There are now many different software packages available that can be used to visually represent networks, and to generate many different statistical measures of their structure. Unfortunately many of these involve a steep learning curve, and involve far more bells and whistles than I need. VisuaLyzer is my favourite software package because it is very user friendly, and easy to use.
VisuaLyzer is produced by mdlogix, USA. You can download a trial version or buy a copy from this part of their website. For more information contact Allen Tien <firstname.lastname@example.org> at mdlogix. If you do contact him, please mention you heard about Visualyser on Rick Davies’s website, MandE NEWS.
My main use of Visualyzer is to draw the organisational networks I am working with, in the course of my work as an M&E consultant on development aid programmes. These are of two types: (a) literal descriptions (maps) of the relationships as known, (b) simplified models of complex networks showing the main types of organisations and the relationships between them. Less frequently, I also import data from Excel to automatically generate network maps. This data usually comes from project documents or online surveys. I also use the combination of UCINET and Netdraw for this task.
Here is an example of a network that I drew by hand directly on screen. It represents the relationships between AMREF’s partners in the Katine project, Uganda. Click on the image to expand it a new window, then click again to get a focused image. You can represent different types of actors by varying the colour, size and shape of nodes. You can represent the different kinds of relationships between them by varying the kind of line used, its colour and thickness. If you click on a node you can enter detailed text or numerical data describing the actor’s attributes, using as many fields as needed. If you click on any link you can enter data about the attributes of that relationships. Both of these sets of data can be exported, on all actors and relationships, as an Excel file. You can also import the same kind of data, to automatically generate a network diagram.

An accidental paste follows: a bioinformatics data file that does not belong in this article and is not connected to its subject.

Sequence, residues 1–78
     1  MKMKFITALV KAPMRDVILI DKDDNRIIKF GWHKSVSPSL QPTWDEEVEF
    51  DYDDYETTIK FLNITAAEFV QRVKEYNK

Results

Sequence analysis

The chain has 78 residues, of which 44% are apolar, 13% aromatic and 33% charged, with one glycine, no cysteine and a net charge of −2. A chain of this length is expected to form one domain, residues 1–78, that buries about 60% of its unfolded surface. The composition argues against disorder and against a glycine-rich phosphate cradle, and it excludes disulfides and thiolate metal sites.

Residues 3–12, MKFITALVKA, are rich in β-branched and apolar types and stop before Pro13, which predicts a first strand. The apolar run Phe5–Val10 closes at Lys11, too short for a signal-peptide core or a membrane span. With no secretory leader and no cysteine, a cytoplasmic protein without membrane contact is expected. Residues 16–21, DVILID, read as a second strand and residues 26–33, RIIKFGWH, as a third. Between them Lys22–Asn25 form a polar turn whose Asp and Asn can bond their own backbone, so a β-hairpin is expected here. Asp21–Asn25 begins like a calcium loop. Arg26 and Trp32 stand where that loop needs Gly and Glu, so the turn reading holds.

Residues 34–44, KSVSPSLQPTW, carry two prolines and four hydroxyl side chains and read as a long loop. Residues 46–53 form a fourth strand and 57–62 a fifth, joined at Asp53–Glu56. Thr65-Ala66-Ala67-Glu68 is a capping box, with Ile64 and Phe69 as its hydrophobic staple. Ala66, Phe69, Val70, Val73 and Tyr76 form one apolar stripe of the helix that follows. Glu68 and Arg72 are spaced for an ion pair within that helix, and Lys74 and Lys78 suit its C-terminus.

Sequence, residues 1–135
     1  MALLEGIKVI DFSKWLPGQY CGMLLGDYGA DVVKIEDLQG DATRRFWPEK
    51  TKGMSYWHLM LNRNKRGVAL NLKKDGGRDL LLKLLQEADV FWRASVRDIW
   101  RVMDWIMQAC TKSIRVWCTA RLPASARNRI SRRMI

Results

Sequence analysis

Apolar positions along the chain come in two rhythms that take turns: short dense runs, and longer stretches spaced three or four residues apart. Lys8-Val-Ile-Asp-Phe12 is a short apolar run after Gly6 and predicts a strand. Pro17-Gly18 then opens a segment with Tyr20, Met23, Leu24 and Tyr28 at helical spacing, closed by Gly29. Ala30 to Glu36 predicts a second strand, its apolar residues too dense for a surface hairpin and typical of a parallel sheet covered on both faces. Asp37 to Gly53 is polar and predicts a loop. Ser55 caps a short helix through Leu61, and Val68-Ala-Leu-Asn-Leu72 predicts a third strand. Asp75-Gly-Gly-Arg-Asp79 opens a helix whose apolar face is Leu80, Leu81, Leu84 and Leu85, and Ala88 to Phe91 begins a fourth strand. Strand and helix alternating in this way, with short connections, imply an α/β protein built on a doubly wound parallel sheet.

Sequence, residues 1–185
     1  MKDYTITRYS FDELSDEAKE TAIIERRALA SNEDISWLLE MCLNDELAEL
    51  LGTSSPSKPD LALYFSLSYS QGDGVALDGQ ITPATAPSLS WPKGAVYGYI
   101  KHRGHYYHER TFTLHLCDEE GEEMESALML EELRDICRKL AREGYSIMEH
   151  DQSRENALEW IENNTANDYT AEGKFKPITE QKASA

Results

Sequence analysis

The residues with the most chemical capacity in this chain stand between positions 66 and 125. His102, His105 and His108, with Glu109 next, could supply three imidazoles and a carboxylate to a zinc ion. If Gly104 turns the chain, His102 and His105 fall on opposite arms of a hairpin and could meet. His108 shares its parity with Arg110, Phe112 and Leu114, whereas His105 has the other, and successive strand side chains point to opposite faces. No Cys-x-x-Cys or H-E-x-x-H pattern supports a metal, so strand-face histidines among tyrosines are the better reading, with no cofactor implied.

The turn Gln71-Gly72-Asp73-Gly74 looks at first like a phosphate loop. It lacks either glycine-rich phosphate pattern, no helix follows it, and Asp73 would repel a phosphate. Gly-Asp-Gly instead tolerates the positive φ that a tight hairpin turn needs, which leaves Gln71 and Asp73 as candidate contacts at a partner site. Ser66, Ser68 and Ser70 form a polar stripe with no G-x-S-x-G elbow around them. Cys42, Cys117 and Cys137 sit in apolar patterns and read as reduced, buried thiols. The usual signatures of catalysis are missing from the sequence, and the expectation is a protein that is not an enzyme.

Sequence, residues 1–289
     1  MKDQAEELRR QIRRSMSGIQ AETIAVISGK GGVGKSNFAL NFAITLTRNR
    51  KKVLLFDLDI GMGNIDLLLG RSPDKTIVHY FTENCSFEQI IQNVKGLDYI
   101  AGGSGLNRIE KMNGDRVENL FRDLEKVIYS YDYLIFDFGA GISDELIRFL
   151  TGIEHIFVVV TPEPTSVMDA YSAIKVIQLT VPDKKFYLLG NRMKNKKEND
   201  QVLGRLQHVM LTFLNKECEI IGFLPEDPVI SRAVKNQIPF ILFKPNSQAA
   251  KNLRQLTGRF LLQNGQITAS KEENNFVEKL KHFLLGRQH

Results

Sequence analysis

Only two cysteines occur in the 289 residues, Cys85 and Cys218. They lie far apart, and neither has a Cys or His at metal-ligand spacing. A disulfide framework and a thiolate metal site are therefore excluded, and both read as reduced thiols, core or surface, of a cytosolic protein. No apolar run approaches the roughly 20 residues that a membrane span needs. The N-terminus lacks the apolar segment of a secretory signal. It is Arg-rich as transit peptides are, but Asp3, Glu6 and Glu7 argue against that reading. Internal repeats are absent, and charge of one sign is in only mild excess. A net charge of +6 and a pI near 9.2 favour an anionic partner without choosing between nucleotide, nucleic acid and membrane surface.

mdlogix describe it as “an interactive tool for entering, visualizing and analyzing network data. You can create nodes and links directly or import network data from edgelist/edgearray, Excel, or GraphML formats. Once the network is displayed, you can customize visual properties such as the colour, shape, size, and location of nodes and links to create an informative graphic representation. Images of your choice may be used to represent nodes. XY mapping of nodes as a function of node attributes is supported in layered layout. It also provides a number of analysis functions for calculating network and nodal level indices, and for finding sub-groups, partitions, communities, and roles and positions. In addition, VisuaLyzer includes powerful logic programming capabilities that allow you to investigate networks using axioms of classical set theory.”
This all sounds quite complex. But in practice it is the simplest features of Visualyzer which are the most useful. It does have a very good and easy to read Users Guide (5mb), which you may want to look at.
For more on the development of network models / descriptions and their use in monitoring and evaluation go to the Network Models section of this website.
POSTSCRIPT (1st December 2008): See also Overview of Common Social Network Analysis Software Platforms “This report was developed by the Philanthropy and Networks Exploration, a partnership between the Packard Foundation and Monitor Institute. The exploration is an inquiry into how networks can facilitate greater philanthropic effectiveness. For more information, please go to http://www.philanthropyandnetworks.org ”
PS2 (16th January 2009): The link to the “Overview …” doc no longer works. I have now uploaded the doc HERE, after receiving a copy via the Pakard Foundation. They also sent a link to: “Working Wikily: How networks are changing social change“